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A new way to be a value investor?

(MoneyWatch) A recent study could have significant implications for value managers and investors. The study from University of Rochester finance professor Robert Novy-Marx provides investors with new insights into how returns vary across different classes of stocks. The following is a summary of the paper's findings:

  • Profitability, as measured by gross profits-to-assets, has roughly the same power as book-to-market (a value measure) in predicting the cross-section of average returns. It has also been a better predictor than earnings.
  • Surprisingly, profitable firms generate significantly higher returns than unprofitable firms, despite having significantly higher valuation ratios (higher price-to-book ratios).
  • Profitable firms tend to be growth firms -- they grow faster. Gross profitability is a powerful predictor of future growth in gross profitability, earnings, free cash flow and payouts.
  • The most profitable firms earn 0.31 percent per month higher average returns than the least profitable firms.
  • The abnormal returns (alpha) of the profitable-minus-unprofitable return spread relative to the Fama-French three-factor model are 0.52 percent per month.
  • High asset turnover primarily drives the high average returns of profitable firms, while high gross margins are the distinguishing characteristic of "good growth" stocks.
  • Controlling for profitability dramatically increases the performance of value strategies, especially among the largest, most liquid stocks. And controlling for book-to-market ratios improves the performance of profitability strategies.
  • While more profitable growth firms tend to be larger than less profitable growth firms, more profitable value firms tend to be smaller than less profitable value firms.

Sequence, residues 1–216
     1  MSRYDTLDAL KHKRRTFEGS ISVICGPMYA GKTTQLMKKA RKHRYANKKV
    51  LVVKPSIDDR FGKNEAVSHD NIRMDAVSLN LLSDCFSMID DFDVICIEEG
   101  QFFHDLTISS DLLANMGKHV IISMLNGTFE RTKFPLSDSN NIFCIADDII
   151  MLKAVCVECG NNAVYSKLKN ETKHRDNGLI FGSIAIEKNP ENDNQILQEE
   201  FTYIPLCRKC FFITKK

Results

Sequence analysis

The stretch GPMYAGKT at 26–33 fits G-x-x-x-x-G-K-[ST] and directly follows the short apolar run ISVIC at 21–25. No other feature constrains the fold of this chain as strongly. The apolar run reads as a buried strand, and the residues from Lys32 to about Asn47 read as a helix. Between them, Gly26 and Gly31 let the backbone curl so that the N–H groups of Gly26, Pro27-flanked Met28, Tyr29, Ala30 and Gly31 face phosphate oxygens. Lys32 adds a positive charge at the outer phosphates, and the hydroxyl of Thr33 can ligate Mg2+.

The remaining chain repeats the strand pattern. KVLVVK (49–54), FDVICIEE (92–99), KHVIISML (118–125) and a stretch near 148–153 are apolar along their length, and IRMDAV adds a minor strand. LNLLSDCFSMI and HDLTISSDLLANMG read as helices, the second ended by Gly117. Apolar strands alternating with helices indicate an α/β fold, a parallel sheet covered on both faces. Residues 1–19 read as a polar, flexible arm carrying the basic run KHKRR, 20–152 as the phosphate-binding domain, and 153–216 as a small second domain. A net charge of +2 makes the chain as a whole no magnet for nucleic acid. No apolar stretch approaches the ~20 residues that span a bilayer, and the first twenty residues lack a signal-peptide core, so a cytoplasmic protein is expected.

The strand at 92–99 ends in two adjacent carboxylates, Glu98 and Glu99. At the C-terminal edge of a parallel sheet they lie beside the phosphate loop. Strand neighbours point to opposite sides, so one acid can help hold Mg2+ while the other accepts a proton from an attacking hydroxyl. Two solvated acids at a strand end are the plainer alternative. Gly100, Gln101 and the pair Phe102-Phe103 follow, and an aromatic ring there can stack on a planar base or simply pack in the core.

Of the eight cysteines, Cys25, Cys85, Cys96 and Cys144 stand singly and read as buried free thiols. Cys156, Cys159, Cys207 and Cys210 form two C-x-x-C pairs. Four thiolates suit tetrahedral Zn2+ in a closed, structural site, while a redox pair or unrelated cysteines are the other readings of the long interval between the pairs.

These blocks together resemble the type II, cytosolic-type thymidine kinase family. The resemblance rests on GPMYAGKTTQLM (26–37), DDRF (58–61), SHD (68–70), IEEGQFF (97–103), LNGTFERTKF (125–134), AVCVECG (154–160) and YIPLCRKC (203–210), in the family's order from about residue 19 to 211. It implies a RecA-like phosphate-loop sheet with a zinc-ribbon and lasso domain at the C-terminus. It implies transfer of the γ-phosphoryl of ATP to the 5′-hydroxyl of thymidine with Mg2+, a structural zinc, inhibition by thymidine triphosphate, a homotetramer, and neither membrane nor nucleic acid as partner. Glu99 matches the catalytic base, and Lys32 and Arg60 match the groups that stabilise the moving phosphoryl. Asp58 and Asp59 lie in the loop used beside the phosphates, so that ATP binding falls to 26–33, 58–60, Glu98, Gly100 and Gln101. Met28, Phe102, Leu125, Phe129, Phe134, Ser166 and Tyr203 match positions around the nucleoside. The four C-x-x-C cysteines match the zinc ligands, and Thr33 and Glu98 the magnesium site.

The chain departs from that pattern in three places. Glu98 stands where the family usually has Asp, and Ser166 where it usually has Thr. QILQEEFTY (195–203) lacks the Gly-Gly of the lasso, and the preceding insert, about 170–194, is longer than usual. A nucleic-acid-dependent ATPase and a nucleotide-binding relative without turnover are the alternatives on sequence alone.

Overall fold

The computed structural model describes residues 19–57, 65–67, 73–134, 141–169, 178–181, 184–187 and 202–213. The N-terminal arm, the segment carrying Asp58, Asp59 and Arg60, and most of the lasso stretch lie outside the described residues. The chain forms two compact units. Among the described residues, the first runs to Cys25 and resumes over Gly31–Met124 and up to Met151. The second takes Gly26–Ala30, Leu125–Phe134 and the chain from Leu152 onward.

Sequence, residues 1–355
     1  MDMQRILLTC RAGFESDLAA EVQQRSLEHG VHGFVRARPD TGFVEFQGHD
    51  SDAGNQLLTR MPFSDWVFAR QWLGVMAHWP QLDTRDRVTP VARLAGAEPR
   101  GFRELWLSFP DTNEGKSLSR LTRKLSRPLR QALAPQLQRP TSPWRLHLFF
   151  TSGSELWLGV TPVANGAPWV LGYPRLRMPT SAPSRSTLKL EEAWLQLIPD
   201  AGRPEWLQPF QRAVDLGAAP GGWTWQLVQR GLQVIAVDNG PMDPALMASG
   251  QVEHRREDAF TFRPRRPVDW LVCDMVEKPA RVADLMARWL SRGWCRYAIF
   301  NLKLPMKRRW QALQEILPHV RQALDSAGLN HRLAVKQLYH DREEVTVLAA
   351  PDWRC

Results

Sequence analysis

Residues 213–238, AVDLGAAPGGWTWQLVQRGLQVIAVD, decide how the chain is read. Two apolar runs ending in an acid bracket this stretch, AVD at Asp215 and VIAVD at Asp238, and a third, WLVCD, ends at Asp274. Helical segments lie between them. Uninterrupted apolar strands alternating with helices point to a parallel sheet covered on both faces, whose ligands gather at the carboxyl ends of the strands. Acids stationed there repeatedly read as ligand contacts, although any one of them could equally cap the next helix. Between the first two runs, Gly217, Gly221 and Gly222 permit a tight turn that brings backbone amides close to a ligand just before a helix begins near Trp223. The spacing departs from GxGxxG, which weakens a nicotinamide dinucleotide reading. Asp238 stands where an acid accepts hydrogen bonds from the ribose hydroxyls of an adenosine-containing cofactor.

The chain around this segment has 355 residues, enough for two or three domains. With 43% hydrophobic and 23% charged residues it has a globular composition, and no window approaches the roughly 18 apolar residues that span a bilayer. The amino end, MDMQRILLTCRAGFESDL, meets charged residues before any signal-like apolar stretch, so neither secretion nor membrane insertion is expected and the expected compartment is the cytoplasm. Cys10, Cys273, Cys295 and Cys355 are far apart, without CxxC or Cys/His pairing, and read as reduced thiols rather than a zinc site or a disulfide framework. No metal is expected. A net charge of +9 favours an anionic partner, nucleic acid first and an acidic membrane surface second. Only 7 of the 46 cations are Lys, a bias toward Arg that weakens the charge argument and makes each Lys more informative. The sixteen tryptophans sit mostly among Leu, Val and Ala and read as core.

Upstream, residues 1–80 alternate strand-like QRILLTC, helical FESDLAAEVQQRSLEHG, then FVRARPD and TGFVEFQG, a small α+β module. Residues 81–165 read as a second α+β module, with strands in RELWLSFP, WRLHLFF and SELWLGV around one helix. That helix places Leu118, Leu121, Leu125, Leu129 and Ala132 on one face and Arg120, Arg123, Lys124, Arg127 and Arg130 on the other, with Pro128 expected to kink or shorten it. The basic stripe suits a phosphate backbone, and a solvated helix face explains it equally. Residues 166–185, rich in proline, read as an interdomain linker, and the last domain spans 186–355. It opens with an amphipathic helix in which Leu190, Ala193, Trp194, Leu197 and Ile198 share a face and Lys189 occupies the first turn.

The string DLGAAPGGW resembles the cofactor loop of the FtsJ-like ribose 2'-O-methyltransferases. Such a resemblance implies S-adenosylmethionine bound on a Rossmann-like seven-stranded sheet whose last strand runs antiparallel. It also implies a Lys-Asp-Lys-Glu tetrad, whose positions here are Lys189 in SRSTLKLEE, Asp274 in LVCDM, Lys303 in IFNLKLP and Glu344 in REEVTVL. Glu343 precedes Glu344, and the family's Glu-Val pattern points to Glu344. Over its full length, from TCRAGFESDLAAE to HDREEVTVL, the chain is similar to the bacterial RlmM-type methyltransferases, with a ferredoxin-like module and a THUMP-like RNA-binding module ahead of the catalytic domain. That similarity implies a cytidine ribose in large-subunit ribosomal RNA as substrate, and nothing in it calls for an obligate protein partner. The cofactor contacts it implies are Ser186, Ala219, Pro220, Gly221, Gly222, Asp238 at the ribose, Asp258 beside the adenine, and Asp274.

• Strategies based on gross profitability generate value-like average excess returns, even though they're growth strategies.
  • Because both gross profits-to-assets and book-to-market are highly persistent, turnover of the strategies is relatively low.
  • Similar overall results were found in international markets as well.
  • The data was statistically significant, meaning it's less likely to be a random outcome.
  • Because strategies based on profitability are growth strategies, they provide an excellent hedge for value strategies -- adding profitability on top of a value strategy reduces the strategy's overall volatility.

This last point provides insight into a strategic way to implement a value strategy. The monthly average returns to the profitability and value strategies are 0.31 and 0.41 percent per month, respectively, with standard deviations of 2.94 and 3.27 percent. However, an investor running the two strategies together would almost capture both strategies' returns (0.71 percent per month) with no additional risk (2.89 percent).

As further evidence that the two strategies combine well, consider the following: While both the profitability and value strategies generally performed well over the sample, both had significant periods in which they lost money. Profitability performed poorly from the mid-1970s to the early-1980s and over the middle of the 2000s, while value performed poorly over the 1990s. However, profitability generally performed well in the periods when value performed poorly and vice versa. As a result, the mixed profitability-value strategy never experienced a losing five-year period.

Given these powerful results it will be interesting to see if mutual fund managers and companies will incorporate such findings into their strategies.